You're not a subscriber?!
Without your voluntary subscription, we can't offer this web site.
Subscribe now and get a free CD
RootsWorld: Home Page Link RootsWorld: Home Page Link

Fía na Roca
Contravento
Ceyba 2001

cd cover This third release from Spain's Fía na Roca ('Spin on the Distaff'), while based in Galician Celtic tradition, incorporates a wide variety of styles and instruments into its primarily instrumental repertoire. And, while I tend to be smitten with bagpipes, there is no way to single out any one of Fía na Roca's six instrumentalists as standouts in the context of such a tight, cooperative, and incessantly innovative ensemble: all excel. The sound is built in layers, based on Pablo Pérez' supportive bass, Giao Rodrigues' mood-setting guitars and mandolins, Carlos Castro's playful and varied percussion, and the assertive and jazzy piano of Xosé Vázquez. Melodic mood and drama progress from Xabier Bueno's whistles, through Vázquez' accordion and the violins of Roberto Santamarina, culminating with Bueno's electrifying, penetrating gaita. The expressive vocals of Sonia Lebedynski add spice to a number of the tracks.

Listen!
"Bailes..."
"Baile de Pandeiras" starts with quick, chromatic piano and booming frame drum, lively melodic figure picked up by Lebedynski's lithe alto voice. Force builds as bass is added, culminating with a thrilling unison on the basic melody by violin and gaita, the latter untempered and exhilarating. In "Quer Que Lle Quer" an arch yet playful piano and plucked violin two-step leads into a spirited whistle melody, picked up by violin and gaita as keys transpose. The screeching contra notes of the gaita are especially effective. It finally fades in a recessional of castanets.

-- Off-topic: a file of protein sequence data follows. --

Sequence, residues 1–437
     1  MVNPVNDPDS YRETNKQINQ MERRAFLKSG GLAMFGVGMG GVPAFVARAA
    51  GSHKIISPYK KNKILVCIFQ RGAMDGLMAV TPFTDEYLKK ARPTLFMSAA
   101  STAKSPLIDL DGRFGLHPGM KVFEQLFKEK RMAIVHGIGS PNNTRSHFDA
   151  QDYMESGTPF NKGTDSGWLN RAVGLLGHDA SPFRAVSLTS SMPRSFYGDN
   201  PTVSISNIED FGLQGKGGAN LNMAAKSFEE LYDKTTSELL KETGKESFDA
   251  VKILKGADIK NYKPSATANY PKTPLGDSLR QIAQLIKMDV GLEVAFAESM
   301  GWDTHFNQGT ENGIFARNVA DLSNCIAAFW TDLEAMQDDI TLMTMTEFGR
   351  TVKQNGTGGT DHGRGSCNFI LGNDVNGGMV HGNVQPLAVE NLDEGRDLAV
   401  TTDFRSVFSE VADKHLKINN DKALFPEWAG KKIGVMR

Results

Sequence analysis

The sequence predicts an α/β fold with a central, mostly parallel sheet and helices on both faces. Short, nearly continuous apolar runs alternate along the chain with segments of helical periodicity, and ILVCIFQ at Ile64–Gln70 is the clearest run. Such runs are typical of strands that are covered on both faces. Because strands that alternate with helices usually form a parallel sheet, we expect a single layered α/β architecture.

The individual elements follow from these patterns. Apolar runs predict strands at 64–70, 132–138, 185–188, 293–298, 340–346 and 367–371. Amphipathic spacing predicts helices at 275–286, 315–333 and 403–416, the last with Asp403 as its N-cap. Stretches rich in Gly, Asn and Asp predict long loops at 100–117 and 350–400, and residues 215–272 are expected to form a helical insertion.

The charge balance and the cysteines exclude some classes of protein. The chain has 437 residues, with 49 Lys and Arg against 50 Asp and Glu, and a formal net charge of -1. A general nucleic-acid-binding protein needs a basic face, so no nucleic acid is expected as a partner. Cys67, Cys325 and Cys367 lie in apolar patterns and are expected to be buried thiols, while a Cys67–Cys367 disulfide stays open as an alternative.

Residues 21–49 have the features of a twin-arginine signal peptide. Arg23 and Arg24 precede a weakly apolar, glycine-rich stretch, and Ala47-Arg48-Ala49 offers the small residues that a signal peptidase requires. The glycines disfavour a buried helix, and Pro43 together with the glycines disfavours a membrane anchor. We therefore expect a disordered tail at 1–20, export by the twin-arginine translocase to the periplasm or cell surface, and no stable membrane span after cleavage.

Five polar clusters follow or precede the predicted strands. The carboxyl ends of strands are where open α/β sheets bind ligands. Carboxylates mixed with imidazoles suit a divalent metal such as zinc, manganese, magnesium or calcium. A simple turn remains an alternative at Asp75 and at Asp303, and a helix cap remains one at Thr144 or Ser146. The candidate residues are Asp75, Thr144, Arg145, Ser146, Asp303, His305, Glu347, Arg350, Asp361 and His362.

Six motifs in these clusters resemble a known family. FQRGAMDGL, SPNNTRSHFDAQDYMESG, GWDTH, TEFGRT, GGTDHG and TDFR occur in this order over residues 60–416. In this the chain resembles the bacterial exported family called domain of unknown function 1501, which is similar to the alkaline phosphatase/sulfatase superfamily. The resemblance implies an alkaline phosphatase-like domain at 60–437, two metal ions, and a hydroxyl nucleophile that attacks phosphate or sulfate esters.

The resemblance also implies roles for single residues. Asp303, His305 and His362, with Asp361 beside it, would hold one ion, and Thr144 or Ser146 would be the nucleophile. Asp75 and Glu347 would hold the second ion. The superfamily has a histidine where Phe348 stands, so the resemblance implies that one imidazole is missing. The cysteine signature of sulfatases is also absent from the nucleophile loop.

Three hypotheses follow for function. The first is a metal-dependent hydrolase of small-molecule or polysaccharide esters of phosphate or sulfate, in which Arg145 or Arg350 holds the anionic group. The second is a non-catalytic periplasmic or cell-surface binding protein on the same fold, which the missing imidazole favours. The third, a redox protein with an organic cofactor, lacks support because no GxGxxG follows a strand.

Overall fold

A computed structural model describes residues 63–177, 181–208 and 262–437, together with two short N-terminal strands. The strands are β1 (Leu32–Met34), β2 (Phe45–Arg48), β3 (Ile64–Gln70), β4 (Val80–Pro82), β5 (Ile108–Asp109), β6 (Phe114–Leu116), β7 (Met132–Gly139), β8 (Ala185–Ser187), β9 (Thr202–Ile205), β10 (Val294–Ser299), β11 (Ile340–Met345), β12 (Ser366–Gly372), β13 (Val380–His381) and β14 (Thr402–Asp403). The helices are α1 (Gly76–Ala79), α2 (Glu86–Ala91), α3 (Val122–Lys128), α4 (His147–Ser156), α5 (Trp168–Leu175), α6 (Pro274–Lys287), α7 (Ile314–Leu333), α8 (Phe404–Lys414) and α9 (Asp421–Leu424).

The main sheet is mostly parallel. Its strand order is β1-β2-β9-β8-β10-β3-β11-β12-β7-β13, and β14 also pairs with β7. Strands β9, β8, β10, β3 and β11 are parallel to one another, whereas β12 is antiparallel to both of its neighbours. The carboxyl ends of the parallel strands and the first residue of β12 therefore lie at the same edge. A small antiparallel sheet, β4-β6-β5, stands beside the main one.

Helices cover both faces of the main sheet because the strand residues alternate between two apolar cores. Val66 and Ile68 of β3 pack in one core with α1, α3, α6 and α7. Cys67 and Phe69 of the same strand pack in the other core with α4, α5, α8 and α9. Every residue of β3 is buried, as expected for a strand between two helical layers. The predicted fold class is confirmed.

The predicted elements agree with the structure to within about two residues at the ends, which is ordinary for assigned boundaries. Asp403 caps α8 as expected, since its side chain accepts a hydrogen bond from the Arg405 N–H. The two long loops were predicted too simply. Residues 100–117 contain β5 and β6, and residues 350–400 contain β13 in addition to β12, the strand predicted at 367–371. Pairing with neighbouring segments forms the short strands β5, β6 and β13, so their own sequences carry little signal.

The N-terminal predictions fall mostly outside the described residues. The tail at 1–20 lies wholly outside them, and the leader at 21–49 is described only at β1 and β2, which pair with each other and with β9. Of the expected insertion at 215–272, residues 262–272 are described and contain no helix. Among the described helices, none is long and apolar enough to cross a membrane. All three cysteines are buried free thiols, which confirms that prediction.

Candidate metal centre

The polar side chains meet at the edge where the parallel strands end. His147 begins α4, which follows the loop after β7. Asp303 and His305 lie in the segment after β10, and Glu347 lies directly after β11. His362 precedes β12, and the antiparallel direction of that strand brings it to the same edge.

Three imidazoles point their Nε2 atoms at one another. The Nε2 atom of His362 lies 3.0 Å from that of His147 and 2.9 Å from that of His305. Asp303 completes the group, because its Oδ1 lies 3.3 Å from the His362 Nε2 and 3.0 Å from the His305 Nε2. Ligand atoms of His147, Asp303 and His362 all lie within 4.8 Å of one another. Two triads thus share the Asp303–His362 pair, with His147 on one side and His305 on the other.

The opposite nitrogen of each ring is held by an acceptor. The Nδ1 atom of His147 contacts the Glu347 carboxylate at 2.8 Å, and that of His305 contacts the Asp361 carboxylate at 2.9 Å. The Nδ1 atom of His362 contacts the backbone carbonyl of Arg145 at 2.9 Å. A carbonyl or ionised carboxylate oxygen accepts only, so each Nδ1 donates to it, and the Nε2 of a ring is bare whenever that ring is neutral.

The calm swinging beat and deep reverb whistles and violin at the beginning of "Trulla e Carballesa" transforms midway into a wild violin-driven dance, enlivened by hand drums; then ratchets up another notch as a lilting accordion joins the brawl. In the Portuguese tune "Vai-Te Embora," a calm but complex beat underlies intertwined accordion and whistle figures, with a violin navigating the enjoyably treacherous rhythm. "Indo Eu" is slow and soulful, Lebedynski's vocal more sinuous and nasal than on "Baile de Pandeiras;" the whistles hint at Celtic sources, the accordion insinuates a tango.

The individual and ensemble mastery of Fía na Roca frees the band to experiment melodically, rhythmically, and dynamically, resulting in an ever-fresh musical experience. - Jim Foley

CD available at cdRoots

Audio is ©2001 Fia Na Roca and used by permission.
The band's web site


Comment on this music or the web site.
Write a Letter to the Editor

Looking for More Information?



return to rootsworld

© 2002 RootsWorld. No reproduction of any part of this page or its associated files is permitted without express written permission.